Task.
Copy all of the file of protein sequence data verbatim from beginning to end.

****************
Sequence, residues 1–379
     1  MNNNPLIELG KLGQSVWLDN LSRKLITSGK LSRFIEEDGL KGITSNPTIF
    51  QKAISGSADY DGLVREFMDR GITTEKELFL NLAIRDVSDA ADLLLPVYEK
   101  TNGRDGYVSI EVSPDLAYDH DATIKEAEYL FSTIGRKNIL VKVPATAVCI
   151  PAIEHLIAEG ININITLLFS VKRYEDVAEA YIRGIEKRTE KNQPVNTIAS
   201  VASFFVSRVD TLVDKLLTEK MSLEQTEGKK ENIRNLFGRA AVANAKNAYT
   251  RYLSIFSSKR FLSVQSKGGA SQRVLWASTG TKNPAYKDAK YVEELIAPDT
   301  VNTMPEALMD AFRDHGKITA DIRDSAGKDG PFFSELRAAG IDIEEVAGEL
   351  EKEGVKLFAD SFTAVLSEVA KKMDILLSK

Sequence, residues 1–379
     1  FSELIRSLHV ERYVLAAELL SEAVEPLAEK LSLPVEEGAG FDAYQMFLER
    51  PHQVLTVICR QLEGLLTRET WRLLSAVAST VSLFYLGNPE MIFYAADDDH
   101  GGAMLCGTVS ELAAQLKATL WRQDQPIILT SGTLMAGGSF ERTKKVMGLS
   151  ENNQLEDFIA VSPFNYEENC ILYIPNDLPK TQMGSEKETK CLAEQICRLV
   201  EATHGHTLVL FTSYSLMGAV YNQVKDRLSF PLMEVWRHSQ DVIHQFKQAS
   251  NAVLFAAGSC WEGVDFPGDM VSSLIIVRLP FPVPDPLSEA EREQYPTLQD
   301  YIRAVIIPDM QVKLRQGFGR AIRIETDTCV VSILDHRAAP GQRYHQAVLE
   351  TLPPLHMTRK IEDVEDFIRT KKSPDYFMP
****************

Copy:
Sequence, residues 1–379
     1  MNNNPLIELG KLGQSVWLDN LSRKLITSGK LSRFIEEDGL KGITSNPTIF
    51  QKAISGSADY DGLVREFMDR GITTEKELFL NLAIRDVSDA ADLLLPVYEK
   101  TNGRDGYVSI EVSPDLAYDH DATIKEAEYL FSTIGRKNIL VKVPATAVCI
   151  PAIEHLIAEG ININITLLFS VKRYEDVAEA YIRGIEKRTE KNQPVNTIAS
   201  VASFFVSRVD TLVDKLLTEK MSLEQTEGKK ENIRNLFGRA AVANAKNAYT
   251  RYLSIFSSKR FLSVQSKGGA SQRVLWASTG TKNPAYKDAK YVEELIAPDT
   301  VNTMPEALMD AFRDHGKITA DIRDSAGKDG PFFSELRAAG IDIEEVAGEL
   351  EKEGVKLFAD SFTAVLSEVA KKMDILLSK

Sequence, residues 1–379
     1  FSELIRSLHV ERYVLAAELL SEAVEPLAEK LSLPVEEGAG FDAYQMFLER
    51  PHQVLTVICR QLEGLLTRET WRLLSAVAST VSLFYLGNPE MIFYAADDDH
   101  GGAMLCGTVS ELAAQLKATL WRQDQPIILT SGTLMAGGSF ERTKKVMGLS
   151  ENNQLEDFIA VSPFNYEENC ILYIPNDLPK TQMGSEKETK CLAEQICRLV
   201  EATHGHTLVL FTSYSLMGAV YNQVKDRLSF PLMEVWRHSQ DVIHQFKQAS
   251  NAVLFAAGSC WEGVDFPGDM VSSLIIVRLP FPVPDPLSEA EREQYPTLQD
   301  YIRAVIIPDM QVKLRQGFGR AIRIETDTCV VSILDHRAAP GQRYHQAVLE
   351  TLPPLHMTRK IEDVEDFIRT KKSPDYFMP